What the PFAS water study really means from the study author
Per- and polyfluoroalkyl substances (PFAS) are a group of man-made chemicals known as “forever chemicals” because they remain in the environment — and in human bodies.
Exposure to high levels of PFAS has been linked to problems with metabolic 2 and thyroid health, adverse birth outcome3, and in some extreme cases – a higher number of cancer cases. PFAS are less than 100 years old (we first started using them to make water- and oil-resistant products in the 1940s), so there are still many unanswered questions about how prevalent they really are in our water supply.
Until now, most PFAS testing has been done on water treatment plants, not on the kitchen sinks themselves. Testing at home can be logistically challenging, but the USGS wanted to prioritize it in this round of research because, as organic chemist Kelly L. Smalling, MSPH, explains, “that’s where the impact really happens.”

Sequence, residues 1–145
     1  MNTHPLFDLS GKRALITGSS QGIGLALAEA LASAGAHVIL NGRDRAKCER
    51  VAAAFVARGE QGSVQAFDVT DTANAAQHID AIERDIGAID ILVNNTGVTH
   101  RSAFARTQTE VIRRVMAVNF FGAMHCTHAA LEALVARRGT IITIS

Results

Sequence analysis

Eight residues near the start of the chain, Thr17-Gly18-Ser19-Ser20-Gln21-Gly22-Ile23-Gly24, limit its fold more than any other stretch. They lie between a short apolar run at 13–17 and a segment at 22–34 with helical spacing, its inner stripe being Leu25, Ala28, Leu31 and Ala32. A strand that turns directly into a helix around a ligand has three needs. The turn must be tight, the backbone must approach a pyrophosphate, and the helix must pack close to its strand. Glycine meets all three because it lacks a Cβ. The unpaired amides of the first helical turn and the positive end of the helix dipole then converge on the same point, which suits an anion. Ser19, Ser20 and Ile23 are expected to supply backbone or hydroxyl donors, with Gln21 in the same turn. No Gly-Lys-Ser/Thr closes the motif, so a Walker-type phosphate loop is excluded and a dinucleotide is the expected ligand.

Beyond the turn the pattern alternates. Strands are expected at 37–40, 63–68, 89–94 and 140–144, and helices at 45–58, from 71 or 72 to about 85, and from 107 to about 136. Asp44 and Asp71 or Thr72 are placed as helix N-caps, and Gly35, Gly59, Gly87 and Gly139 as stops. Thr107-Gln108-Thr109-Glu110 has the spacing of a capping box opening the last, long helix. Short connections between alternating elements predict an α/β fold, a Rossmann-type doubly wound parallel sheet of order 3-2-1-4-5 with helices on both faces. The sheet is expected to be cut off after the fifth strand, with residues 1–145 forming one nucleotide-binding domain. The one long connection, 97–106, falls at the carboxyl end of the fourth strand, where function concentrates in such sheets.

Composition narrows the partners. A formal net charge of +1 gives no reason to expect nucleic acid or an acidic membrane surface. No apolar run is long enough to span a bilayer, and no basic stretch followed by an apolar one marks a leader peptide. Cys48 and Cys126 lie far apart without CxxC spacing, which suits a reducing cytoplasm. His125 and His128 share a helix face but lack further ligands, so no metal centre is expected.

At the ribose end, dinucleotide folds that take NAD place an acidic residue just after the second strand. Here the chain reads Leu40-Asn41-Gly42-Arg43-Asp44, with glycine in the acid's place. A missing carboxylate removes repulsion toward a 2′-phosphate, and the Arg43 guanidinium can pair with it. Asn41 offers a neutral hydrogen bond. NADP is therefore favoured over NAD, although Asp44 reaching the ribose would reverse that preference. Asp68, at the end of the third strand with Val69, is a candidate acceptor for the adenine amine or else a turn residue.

“Most of the information available on PFAS is at drinking water treatment plants or the surface and groundwater wells that actually supply them. But beyond that, there are miles of infrastructure between the treatment plant and your home,” Smalling, who worked on this new study, told mindbodygreen. “We don’t really know how or if it changes as it travels through the distribution pipeline.”
To find out how much PFAS is actually present at the tap level, the USGS worked with a network of volunteers to collect water samples from 716 homes across the United States. This included a mix of rural and urban homes, public water sources and private wells. Volunteers sent samples to a lab to be tested for 32 types of PFAS.
While the USGS has already conducted home testing for PFAS, it has been on a much smaller scale. This new study aimed to paint a more complete picture of how many chemicals are actually in our drinking water and how they vary by country.